Rutu Modan: I didn´t experience any anti-Semitism when I went to Warsaw, but I do know it exists. When the book was published in Poland there were anti-Semitic reactions, but I didn´t see it when I was there. However, it´s not only about them, it is also about the Israeli site and the way they refer and talk about the Polish. Even before I started writing I knew it´s not going to be a story about the Holocaust. I also didn´t want to make Regina a survivor of the Holocaust, because I didn´t want to make her a victim. I don´t think this is good for the main character, because then you cannot touch it. I was always interested in the generation of my grandparents. They were people whose lives were turned upside down by history, who didn´t live the life they were supposed to. My grandmothers lost their families, their homelands and properties.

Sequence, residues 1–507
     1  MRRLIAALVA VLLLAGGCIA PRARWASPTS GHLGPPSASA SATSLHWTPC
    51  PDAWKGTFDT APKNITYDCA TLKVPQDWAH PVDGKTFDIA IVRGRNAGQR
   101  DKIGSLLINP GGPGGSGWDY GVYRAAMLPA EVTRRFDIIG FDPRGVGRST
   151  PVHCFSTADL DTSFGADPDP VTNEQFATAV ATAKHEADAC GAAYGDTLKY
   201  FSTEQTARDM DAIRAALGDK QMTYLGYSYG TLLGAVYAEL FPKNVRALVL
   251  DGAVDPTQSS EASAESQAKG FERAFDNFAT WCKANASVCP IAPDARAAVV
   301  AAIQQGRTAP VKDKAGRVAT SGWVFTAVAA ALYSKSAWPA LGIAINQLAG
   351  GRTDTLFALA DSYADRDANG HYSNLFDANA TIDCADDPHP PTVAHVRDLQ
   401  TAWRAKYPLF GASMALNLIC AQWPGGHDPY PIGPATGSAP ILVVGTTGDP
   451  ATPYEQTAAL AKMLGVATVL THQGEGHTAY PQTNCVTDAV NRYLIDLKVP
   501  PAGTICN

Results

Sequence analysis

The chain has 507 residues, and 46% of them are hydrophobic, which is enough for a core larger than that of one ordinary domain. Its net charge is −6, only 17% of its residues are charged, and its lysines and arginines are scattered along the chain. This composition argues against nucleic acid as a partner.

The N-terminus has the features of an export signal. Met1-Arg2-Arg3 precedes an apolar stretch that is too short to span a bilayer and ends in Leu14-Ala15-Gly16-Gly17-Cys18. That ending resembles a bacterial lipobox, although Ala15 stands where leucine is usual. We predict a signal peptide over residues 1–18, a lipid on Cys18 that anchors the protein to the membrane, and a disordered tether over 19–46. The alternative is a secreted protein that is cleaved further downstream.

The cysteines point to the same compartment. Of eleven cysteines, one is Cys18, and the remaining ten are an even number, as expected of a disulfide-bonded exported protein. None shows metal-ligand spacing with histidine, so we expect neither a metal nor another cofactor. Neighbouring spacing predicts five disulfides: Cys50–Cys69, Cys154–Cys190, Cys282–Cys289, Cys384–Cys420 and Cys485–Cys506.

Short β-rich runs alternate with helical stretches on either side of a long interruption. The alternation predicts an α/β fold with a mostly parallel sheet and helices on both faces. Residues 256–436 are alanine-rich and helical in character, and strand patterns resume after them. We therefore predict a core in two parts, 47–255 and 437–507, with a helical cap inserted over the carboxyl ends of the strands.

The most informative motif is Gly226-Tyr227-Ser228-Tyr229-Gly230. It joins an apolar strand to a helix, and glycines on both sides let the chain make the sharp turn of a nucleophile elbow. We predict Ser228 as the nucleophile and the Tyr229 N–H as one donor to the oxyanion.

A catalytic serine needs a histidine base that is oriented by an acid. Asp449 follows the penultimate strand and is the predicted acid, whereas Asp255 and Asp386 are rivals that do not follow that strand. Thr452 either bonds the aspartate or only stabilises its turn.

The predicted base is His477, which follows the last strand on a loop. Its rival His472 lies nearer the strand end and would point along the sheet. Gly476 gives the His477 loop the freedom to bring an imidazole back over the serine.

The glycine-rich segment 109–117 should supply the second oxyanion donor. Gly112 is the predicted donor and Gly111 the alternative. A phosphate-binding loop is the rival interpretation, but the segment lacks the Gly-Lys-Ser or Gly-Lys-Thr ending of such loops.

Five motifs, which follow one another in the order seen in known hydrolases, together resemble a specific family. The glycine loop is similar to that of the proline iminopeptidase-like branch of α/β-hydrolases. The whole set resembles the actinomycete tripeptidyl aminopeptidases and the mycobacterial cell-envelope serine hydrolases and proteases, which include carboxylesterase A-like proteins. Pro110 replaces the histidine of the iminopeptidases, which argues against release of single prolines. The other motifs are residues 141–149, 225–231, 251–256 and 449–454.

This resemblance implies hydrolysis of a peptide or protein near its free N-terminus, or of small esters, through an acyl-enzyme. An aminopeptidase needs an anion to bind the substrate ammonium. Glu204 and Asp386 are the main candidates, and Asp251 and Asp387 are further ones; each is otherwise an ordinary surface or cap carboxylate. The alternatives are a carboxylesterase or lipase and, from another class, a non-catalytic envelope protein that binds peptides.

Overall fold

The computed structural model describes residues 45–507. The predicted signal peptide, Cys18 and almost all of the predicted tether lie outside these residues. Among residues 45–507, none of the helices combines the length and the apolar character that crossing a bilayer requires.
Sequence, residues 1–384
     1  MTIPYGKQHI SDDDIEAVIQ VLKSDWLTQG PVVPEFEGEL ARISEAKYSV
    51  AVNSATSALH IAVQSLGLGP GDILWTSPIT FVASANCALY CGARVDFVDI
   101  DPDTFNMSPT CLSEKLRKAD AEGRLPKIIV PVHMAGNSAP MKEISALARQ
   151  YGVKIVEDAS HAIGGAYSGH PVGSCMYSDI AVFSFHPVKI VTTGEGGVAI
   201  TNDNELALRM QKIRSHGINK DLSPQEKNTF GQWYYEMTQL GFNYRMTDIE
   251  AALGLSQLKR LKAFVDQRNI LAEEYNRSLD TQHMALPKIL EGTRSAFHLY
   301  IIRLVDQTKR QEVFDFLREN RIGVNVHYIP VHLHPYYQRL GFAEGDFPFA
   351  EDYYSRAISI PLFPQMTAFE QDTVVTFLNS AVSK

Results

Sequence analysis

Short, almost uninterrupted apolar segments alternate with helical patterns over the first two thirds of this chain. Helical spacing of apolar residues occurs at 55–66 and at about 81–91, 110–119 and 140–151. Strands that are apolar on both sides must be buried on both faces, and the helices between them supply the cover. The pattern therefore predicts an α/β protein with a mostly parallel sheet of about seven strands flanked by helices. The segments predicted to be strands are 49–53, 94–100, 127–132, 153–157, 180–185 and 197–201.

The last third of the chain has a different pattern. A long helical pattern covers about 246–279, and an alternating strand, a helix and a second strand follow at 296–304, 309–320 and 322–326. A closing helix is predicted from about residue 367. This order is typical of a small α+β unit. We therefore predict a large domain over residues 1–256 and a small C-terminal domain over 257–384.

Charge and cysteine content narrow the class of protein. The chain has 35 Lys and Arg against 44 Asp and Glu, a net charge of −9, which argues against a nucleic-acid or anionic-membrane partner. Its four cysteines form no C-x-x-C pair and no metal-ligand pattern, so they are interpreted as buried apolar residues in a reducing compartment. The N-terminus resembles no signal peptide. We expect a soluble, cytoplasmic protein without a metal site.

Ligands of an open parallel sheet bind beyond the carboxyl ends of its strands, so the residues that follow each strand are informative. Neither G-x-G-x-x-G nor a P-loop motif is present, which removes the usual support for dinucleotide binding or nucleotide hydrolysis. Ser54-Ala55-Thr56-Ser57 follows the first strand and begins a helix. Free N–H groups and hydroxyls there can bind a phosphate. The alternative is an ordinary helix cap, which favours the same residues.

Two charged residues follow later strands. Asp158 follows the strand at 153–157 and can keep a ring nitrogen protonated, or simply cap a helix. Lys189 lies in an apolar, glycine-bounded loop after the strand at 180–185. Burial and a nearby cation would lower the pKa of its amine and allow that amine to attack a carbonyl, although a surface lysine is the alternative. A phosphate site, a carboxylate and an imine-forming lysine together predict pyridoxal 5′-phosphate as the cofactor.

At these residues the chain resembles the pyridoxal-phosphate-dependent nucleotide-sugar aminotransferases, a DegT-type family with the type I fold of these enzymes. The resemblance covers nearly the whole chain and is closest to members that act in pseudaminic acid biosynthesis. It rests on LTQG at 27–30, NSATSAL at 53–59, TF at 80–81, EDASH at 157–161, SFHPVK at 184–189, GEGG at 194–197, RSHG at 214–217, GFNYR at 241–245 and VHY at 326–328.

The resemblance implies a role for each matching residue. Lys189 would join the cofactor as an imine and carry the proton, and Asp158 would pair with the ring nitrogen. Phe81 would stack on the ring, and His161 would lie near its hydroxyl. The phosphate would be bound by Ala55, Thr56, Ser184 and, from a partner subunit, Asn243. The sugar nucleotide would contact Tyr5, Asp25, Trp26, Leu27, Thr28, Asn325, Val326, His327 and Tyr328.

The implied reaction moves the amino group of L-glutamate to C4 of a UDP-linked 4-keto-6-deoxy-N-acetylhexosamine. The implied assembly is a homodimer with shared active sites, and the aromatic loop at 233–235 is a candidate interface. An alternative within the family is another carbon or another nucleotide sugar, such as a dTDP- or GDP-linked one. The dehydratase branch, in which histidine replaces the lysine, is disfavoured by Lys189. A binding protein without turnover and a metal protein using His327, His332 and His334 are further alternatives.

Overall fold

I didn´t use the Holocaust, because I didn´t want it to be banal. What I wanted to explore more was the subject of memory. The Holocaust is in the background and a tool to express these ideas, about what we are doing with memories, how we remember past, the dead, or terrible things. Everyone, except for the young protagonists in the book, is dealing with the past, trying to go back in time, or to correct the past.
AVIVA-Berlin: In the "Property", Mica falls in love with Tomasz, a young Pole who himself is a graphic novelist and also a tour guide through the Warsaw Ghetto. He can be seen as a key figure in the text. In another Interview you said "he is me". Do you see yourself as a tour guide through history?